In response to America's ever-growing interest in nutrition and health, many fitness facilities have added nutritional programs to their menu of services. While doing so can potentially lure new customers and add a lot of value for existing ones, finding qualified individuals to provide nutritional care to their clientele can be a challenge. But just as fitness facility owners and general managers look to hire fitness professionals who hold certifications from highly credible organizations, they need to be sure that the so-called “nutritionists” they hire are highly qualified and can provide appropriate nutrition care to their members.
Here are some questions and answers that help clear up some nutrition confusion, and lead fitness managers to highly credible nutrition and health professionals — registered dietitians.
What does it take to become a registered dietitian?
In order to become a registered dietitian, or an RD, individuals must earn a bachelor's degree from a U.S. regionally accredited university or college and complete course work approved by the American Dietetic Association's Commission on Accreditation for Dietetics Education. They must also complete a six-month to 12-month supervised practice program and subsequently pass a national examination given by the Commission on Dietetic Registration. To maintain RD status, they must receive continuing education credits by attending approved meetings, seminars and workshops.
What is the difference between a registered dietitian and a nutritionist?
While registered dietitian or RD is a legally protected title, there is no standard definition for the title “nutritionist,” nor are there any specified requirements individuals need to complete to call themselves nutritionists. However, many registered dietitians also become licensed or certified as a dietitian or nutritionist — at present, 44 states have regulatory laws for dietitians and nutrition practitioners. Often, the same education and training that is needed for an individual to become an RD can be used to become licensed or certified.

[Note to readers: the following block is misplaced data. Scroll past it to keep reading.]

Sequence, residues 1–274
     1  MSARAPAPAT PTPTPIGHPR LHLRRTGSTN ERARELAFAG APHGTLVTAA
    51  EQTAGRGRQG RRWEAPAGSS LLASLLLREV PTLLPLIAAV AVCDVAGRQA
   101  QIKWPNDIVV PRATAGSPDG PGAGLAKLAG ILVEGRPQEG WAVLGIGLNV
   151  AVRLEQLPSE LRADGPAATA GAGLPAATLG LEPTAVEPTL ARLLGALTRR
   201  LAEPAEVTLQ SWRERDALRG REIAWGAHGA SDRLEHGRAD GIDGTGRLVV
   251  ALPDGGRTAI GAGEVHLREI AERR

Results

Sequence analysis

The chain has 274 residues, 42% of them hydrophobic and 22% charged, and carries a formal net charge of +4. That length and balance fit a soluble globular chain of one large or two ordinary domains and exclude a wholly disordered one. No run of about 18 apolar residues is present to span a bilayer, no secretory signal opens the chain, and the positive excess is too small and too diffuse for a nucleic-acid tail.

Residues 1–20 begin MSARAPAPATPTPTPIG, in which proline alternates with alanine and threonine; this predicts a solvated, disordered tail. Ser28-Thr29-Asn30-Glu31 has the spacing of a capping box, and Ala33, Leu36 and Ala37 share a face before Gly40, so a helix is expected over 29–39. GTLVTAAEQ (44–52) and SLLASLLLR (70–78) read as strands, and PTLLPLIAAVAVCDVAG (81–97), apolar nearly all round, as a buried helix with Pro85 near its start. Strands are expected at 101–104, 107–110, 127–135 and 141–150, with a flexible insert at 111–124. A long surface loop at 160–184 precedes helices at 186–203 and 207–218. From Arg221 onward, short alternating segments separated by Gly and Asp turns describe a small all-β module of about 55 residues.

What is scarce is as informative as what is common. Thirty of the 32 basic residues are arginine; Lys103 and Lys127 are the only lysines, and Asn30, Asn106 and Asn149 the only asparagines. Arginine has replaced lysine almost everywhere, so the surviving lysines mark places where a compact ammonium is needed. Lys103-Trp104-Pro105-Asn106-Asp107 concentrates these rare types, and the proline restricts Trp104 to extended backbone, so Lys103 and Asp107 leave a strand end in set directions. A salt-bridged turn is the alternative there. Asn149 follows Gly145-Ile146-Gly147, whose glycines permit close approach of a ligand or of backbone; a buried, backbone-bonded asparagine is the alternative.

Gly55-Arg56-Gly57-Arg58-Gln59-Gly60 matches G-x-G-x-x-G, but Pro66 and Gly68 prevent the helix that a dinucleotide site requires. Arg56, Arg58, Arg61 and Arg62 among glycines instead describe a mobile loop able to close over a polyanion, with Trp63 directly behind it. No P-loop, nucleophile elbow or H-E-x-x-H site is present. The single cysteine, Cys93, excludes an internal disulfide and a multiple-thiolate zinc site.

Where do registered dietitians typically work?
Registered dietitians work in many different settings. For example, a registered dietitian may counsel clients in a private practice, at a spa, in a physician's office or at a community center, work as an inpatient dietitian in a hospital, work at a food company or in a food service facility or restaurant, or work as a freelance health and nutrition writer. Whatever they do and wherever they work, all registered dietitians translate emerging nutritional science into accurate, reliable and useful information that people can use to improve their eating behaviors and overall health.
What is a typical salary for a registered dietitian?
According to ADA's 2002 Dietetics Compensation and Benefits Survey, registered dietitians earn a median income of $45,000. However, many, particularly those in private practice, earn in excess of $50,000.
What can a registered dietitian do in a fitness facility?
Having a registered dietitian on staff can be a great asset and raise the nutrition bar at any fitness facility. Through a variety of services including one-on-one or group counseling, workshops or seminars, a registered dietitian does not only provide accurate and reliable nutrition and health information to both managers and clients, but can also help them make sense of the latest nutrition and diet trends and fads.
As a full-time or part-time employee, registered dietitians can create innovative programs or enhance existing ones to meet members' needs and by doing so, can enhance the reputation of the fitness facilities in which they work. Furthermore, registered dietitians are uniquely qualified and equipped to work with a variety of populations including athletes, pregnant women, and people with diabetes, heart disease and hypertension. Many registered dietitians also hold additional certifications in diabetes or weight management, or masters or doctorate degrees that further enhance their credibility. Fitness managers who hire registered dietitians can be assured that the expertise and information they receive about nutrition and health from these nutrition experts is sound, up-to-date, and science-based.
How can I locate a registerd dietitian?
To find a registered dietitian in your area, contact the American Dietetic Association, the nation's largest organization of food and nutrition professionals that represents nearly 70,000 members across the nation. Call 1-800-877-1600, ext. 5000, or e-mail the ADA at www.eatright.org.
Elisa Zied, MS, RD, CDN is a New York City-based registered dietitian and a spokesperson for the American Dietetic Association. She also holds a master's degree in clinical nutrition, and is certified as a dietitian/nutritionist by the New York State Department of Education. Zied is also certified as a personal trainer by the American Council on Exercise.